AcknowledgementsFirstly I would like to thank my supervisors, Julia Smith and Simon MacLean, Julia for getting me started on this topic and Simon for helping me bring it to a conclusion.
I should also thank everybody in the department of mediaeval history at St Andrews;
my examiners, Robert Bartlett and Paul Fouracre; the university libraries at St Andrews and Cambridge; Wolfert van Egmond, Marco Mostert and Katy Cubitt, for providing me with very useful advice and suggestions. Apologies to anybody I’ve missed. Finally, thanks to my family for all their support.
Abbreviations Due to reasons of space, all book and article titles in the footnotes have been abbreviated. They can all be found in the bibliography, but some of the most
important titles and series are abbreviated as follows:
The recent study of early mediaeval hagiography and the cult of saints The Liège region was a very significant one in the period from approximately 700 to the end of the first millennium. It held the ancestral lands of the Carolingian family, located around modern day Liège itself and stretching as far as Aachen, the place that became the empire’s symbolic and ritual centre. The region remained one of the family’s central places throughout their rise to dominance at the end of the seventh and beginning of the eighth centuries, and the break-up of their empire at the end of the ninth century. After the fall of the last Carolingian emperor Charles the Fat in 887, the region was contested by locally influential aristocratic families until it was absorbed into the Ottonian Empire in the middle third of the tenth century. As well as being, both metaphorically and physically, central in the political development of Frankish Europe, the Liège region was one of the main centres of Frankish cultural activity. The imperial chapel and court at Aachen were starting points and centres for the wide range of developments and projects known as the Carolingian Renaissance by modern historians. Despite the political fragmentation of the region until the Ottonians extended their authority over it, and the threat of Viking and Hungarian raiders to its ecclesiastical centres, the diocese of Liège remained a vibrant region at the forefront of developments in monasticism, literature, philosophy, and theology.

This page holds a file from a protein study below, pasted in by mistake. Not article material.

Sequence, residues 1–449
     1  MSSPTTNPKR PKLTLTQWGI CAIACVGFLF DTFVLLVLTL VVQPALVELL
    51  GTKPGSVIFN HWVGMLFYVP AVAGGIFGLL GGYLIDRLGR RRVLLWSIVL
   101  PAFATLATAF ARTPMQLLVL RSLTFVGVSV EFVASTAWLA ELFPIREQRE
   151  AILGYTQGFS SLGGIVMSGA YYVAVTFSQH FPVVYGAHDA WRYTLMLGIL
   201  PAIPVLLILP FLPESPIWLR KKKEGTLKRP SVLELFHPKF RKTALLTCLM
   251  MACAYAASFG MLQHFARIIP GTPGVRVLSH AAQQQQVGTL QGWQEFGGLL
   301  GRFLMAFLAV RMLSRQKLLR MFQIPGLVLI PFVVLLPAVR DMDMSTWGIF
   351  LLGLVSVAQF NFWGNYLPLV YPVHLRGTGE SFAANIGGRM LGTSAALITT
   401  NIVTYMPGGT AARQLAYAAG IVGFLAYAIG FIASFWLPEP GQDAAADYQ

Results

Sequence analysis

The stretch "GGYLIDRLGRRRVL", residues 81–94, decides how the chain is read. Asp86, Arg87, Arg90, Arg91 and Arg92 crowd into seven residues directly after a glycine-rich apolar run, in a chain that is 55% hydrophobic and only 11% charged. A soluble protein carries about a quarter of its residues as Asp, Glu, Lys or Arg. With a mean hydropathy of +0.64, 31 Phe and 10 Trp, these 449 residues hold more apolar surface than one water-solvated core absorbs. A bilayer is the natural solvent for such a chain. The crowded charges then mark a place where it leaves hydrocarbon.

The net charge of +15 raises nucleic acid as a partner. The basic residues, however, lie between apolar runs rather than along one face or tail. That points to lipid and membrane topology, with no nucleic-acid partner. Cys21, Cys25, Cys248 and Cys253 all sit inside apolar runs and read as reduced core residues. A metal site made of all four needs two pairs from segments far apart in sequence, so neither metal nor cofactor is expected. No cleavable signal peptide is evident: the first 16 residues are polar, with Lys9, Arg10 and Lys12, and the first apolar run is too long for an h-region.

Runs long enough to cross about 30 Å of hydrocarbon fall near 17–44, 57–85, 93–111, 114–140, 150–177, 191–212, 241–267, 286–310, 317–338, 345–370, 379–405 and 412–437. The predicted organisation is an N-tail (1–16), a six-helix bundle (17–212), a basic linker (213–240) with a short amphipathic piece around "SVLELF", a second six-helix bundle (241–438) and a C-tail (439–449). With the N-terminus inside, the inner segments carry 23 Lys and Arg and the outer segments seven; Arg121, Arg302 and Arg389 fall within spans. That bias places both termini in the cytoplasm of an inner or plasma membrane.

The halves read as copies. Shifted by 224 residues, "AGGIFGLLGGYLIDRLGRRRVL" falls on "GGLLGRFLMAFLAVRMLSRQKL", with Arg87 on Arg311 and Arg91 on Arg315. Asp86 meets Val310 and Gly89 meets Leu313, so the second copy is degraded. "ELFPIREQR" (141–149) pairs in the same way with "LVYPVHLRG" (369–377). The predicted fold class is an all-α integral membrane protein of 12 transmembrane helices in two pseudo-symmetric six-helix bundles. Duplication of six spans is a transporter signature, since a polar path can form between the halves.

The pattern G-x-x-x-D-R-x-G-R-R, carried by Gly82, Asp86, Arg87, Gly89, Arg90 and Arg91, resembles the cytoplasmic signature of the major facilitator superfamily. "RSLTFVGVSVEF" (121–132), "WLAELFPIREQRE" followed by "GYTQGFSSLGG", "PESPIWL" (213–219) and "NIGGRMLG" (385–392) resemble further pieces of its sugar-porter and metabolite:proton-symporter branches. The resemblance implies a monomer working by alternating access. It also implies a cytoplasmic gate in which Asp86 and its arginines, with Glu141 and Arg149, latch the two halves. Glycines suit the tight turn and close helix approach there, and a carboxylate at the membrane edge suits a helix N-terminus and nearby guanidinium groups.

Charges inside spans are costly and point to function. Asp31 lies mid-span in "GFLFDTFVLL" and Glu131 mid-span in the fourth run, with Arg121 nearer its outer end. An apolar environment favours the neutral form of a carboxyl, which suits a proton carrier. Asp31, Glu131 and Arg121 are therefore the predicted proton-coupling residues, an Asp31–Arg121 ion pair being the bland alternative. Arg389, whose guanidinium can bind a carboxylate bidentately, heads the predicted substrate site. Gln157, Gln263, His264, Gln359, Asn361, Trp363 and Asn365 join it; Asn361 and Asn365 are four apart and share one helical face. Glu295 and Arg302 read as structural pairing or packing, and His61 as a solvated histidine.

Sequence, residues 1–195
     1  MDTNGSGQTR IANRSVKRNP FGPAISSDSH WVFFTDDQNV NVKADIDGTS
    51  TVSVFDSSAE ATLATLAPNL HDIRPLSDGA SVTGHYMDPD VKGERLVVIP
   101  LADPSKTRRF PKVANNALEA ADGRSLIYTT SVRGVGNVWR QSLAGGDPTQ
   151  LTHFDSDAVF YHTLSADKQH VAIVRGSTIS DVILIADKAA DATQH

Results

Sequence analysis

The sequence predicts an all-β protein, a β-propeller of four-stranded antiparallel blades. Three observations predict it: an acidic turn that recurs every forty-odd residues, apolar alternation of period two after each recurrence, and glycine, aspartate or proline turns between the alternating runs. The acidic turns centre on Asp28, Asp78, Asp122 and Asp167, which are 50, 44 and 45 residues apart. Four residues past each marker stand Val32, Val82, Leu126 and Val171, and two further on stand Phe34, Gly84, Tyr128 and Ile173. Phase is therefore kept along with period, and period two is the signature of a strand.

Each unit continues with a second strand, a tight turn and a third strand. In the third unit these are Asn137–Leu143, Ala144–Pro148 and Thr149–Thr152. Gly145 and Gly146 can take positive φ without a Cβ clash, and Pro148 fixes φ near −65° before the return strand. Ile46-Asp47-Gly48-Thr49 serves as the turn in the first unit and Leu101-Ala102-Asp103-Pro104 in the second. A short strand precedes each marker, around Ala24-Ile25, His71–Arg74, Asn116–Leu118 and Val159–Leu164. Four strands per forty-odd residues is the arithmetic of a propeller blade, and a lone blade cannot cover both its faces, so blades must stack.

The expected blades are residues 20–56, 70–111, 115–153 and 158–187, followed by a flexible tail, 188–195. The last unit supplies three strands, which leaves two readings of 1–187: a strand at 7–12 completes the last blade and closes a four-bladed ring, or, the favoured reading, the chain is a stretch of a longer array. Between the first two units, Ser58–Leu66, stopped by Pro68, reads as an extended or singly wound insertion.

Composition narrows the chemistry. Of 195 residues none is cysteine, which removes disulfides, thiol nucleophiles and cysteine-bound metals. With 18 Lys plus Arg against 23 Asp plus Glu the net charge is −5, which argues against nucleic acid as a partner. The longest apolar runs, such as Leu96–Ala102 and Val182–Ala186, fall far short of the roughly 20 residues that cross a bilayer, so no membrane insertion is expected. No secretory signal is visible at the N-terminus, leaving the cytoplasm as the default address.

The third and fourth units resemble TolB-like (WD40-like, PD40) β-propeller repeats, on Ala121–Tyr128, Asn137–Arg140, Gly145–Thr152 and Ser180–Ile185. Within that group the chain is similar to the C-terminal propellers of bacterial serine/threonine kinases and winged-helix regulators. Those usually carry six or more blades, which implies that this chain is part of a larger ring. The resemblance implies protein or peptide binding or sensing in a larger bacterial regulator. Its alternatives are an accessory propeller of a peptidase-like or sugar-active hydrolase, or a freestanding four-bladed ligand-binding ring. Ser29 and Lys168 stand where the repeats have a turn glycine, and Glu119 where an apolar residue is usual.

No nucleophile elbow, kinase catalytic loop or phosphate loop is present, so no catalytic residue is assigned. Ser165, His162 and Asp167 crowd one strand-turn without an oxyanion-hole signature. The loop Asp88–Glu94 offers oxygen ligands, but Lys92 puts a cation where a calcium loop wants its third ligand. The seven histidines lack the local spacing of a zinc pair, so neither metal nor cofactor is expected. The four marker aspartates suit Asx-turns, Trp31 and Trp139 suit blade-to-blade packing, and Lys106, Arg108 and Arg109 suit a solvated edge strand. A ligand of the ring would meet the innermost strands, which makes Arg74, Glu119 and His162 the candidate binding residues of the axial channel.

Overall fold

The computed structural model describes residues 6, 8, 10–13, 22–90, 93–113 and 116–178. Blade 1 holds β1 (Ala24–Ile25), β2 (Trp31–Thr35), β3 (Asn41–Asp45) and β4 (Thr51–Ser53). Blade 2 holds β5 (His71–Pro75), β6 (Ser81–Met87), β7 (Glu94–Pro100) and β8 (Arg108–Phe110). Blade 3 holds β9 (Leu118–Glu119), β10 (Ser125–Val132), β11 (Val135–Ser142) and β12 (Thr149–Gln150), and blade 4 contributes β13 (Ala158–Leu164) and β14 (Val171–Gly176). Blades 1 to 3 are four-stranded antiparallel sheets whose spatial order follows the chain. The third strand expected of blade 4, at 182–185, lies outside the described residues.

This study will help to illuminate some of these developments, through the particular perspective of hagiography, a type of writing in which the authors of the diocese were particularly skilled and productive.
The study of hagiography and the cult of saints among historians has been transformed during the last 25 years, and the starting point for the methods used in the modern study of hagiography was the work of Peter Brown, primarily in his The Cult of the Saints.1 Brown provided a range of approaches and attitudes to the study of the cult of the saints that had previously not been considered, and which have since become central to the study of what is now recognised as one of the most important phenomena in mediaeval religious and cultural life. Of the many important points he
1 Brown, The Cult of the Saints.
1 made in his work, one of the most important was that the cult of saints should not be seen merely as a manifestation of the worst kind of popular superstition. He argued instead that it was a complex and sophisticated form of devotion that did not engage merely ‘the masses’, but was also developed by, and played a central part in the lives of, some of the most prominent individuals of the age considered in the book, which focussed on the fourth to sixth centuries.